Most stores these days have a "self-serve" option. They let you do your own checkout without having to interact with a cashier. There's been a legitimate argument that these machines are stealing jobs from people who need them, because they're essentially eliminating those cashier positions all together.
You usually only see these stations at retail locations, because it's hard to have them at a restaurant, but McDonald's found a way to make it work. Over the last couple of years, the fast-food chain introduced self-order touchscreen stations, where guests can pick every part of their meal, pay, and then pick up their order at the counter.
Unfortunately, that dwelling time might also be exposing you to something pretty gross.
A study was conducted in the UK that looked at how clean the self-order machines at McDonald's really are. Stations from eight different branches in the UK were tested, and the results were pretty gross. Every single screen in the study tested positive for fecal matter.
"We were all surprised how much gut and fecal bacteria there was on the touchscreen machines," Dr. Paul Matewele, senior lecturer in microbiology at London Metropolitan University, said. "These cause the kind of infections that people pick up in hospitals."
"For instance Enterococcus faecalis is part of the flora of gastrointestinal tracts of healthy humans and other mammals," Dr. Matewele noted. "It is notorious in hospitals for causing hospital acquired infections."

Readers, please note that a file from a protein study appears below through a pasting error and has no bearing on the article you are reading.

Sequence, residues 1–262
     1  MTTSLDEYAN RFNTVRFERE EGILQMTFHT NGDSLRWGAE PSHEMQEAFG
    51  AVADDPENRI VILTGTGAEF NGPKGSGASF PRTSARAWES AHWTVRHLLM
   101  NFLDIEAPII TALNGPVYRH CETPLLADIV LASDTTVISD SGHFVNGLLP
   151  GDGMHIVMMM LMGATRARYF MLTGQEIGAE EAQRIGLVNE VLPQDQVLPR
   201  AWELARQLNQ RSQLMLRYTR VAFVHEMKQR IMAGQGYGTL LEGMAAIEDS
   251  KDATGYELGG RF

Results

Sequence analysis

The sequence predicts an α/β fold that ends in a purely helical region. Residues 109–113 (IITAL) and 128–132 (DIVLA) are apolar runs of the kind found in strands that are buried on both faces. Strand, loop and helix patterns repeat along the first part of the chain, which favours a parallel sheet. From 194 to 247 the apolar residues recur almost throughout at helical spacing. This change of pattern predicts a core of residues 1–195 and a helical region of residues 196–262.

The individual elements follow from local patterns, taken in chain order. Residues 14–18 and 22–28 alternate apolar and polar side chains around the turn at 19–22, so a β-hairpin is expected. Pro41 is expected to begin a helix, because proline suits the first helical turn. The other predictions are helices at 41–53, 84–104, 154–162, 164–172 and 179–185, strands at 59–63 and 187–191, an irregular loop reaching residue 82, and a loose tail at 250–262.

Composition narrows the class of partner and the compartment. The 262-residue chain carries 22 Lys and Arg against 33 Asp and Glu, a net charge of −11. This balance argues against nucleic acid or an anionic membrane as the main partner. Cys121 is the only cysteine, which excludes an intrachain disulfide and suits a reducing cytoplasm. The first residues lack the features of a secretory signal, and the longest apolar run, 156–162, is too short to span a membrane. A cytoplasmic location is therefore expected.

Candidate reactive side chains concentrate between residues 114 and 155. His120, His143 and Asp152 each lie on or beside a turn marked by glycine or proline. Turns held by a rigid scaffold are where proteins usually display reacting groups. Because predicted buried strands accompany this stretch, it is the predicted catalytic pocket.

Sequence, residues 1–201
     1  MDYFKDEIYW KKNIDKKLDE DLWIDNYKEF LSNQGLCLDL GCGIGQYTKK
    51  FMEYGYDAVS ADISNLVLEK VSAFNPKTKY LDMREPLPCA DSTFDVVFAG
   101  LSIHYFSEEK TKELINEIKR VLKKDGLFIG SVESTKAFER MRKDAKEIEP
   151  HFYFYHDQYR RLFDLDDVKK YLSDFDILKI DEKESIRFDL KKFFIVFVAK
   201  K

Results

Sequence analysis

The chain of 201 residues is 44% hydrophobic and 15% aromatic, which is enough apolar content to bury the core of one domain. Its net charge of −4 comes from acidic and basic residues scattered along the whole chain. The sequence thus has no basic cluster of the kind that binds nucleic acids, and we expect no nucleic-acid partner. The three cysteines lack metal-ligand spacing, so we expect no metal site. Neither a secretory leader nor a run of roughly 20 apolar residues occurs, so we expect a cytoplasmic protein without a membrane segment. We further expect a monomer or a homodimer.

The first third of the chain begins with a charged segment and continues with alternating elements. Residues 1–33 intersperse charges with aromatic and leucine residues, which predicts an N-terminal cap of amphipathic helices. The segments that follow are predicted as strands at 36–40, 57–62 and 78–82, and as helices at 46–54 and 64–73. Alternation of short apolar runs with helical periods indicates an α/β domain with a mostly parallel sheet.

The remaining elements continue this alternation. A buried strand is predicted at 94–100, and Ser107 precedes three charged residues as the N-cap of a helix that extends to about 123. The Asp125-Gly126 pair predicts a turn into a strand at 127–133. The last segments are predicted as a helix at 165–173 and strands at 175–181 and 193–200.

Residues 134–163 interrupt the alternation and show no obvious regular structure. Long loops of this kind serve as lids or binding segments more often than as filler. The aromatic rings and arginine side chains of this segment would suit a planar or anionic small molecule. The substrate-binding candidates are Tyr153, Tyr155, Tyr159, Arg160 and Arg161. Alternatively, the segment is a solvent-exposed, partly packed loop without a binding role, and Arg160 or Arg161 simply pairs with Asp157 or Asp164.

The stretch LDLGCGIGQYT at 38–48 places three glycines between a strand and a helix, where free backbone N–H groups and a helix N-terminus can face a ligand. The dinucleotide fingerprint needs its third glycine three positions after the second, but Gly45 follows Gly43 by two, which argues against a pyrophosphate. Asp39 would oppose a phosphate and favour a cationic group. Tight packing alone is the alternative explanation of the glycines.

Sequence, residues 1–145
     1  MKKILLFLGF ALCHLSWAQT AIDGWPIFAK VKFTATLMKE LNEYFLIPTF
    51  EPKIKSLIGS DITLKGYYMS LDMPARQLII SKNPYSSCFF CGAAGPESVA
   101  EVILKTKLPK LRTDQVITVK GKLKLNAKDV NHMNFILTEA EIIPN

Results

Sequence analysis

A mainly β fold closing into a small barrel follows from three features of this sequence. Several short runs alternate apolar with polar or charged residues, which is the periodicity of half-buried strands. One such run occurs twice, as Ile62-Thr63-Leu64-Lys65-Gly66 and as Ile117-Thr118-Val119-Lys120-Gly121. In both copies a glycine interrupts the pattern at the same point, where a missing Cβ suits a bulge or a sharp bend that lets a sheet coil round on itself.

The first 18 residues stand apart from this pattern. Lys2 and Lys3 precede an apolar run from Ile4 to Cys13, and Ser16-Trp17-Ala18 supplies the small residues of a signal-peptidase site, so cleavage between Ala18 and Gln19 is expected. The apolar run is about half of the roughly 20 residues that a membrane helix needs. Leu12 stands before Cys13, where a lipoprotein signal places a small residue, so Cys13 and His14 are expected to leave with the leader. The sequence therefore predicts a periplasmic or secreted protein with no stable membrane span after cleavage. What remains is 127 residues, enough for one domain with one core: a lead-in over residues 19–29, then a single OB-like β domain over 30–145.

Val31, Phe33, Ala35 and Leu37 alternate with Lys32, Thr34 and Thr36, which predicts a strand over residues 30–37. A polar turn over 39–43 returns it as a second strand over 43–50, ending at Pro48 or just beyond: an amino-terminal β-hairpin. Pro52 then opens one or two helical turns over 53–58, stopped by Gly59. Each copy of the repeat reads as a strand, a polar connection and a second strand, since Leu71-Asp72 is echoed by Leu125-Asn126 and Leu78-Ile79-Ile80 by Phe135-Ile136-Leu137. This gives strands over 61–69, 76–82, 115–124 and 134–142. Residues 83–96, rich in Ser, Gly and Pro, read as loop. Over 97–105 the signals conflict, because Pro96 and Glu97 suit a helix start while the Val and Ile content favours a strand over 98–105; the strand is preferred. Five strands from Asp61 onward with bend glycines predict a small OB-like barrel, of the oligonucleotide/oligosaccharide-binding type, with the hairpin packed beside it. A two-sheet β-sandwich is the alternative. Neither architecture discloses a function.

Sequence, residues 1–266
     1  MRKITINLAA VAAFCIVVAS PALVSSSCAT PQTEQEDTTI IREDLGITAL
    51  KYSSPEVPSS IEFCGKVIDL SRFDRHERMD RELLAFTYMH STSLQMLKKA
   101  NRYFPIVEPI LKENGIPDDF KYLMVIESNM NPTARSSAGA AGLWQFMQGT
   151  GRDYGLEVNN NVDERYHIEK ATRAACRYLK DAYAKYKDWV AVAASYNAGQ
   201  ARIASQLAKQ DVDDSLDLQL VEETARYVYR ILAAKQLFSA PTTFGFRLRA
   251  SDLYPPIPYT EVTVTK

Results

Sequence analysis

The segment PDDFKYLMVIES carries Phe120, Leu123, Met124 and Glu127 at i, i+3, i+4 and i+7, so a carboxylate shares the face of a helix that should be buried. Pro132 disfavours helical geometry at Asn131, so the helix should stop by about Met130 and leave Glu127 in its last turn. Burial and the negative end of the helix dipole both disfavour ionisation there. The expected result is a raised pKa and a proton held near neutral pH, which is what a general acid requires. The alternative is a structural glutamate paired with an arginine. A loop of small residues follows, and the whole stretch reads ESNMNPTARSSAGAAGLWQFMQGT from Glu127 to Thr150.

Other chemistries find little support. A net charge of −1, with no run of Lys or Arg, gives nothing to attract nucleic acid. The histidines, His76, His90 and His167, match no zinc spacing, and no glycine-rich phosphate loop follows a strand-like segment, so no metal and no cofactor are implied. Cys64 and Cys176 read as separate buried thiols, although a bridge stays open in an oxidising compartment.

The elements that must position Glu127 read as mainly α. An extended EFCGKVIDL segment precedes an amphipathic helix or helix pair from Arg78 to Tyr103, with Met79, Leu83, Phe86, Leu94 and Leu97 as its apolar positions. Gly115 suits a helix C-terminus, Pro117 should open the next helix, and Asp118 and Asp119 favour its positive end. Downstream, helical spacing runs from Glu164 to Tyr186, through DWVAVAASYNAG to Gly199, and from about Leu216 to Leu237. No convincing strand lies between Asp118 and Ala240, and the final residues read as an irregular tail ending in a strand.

One of the most concerning discoveries was that of staphylococcus, which is "so contagious," it can lead to Toxic Shock Syndrome. Other bacteria found were listeria, klebsiella and proteus.
"Seeing Staphylococcus on these machines is worrying because it is so contagious," Dr. Matewele continued. "It starts around people's noses, if they touch their nose with their fingers and then transfer it to the touchscreen someone else will get it, and if they have an open cut which it gets into, then it can be dangerous."
A McDonald's spokesperson said in an emailed statement: "Our self-order screens are cleaned frequently throughout the day with a sanitizer solution. All of our restaurants also provide facilities for customers to wash their hands before eating."
Dr. Matewele points out that it's not really the fault of McDonald's for all this bacteria. In fact, it's the way society has become dependent on technology.
"Touchscreen technology is being used more and more in our daily lives but these results show people should not eat food straight after touching them, they are unhygienic and can spread disease," Dr. Matewle mentioned. "Someone can be very careful about their own hygiene throughout the day but it could all be undone by using a touchscreen machine once."
It's pretty gross to think of all the bacteria that could be sitting on those McDonald's screens, especially since we eat our food pretty soon after interacting with them.
[H/T: Metro UK]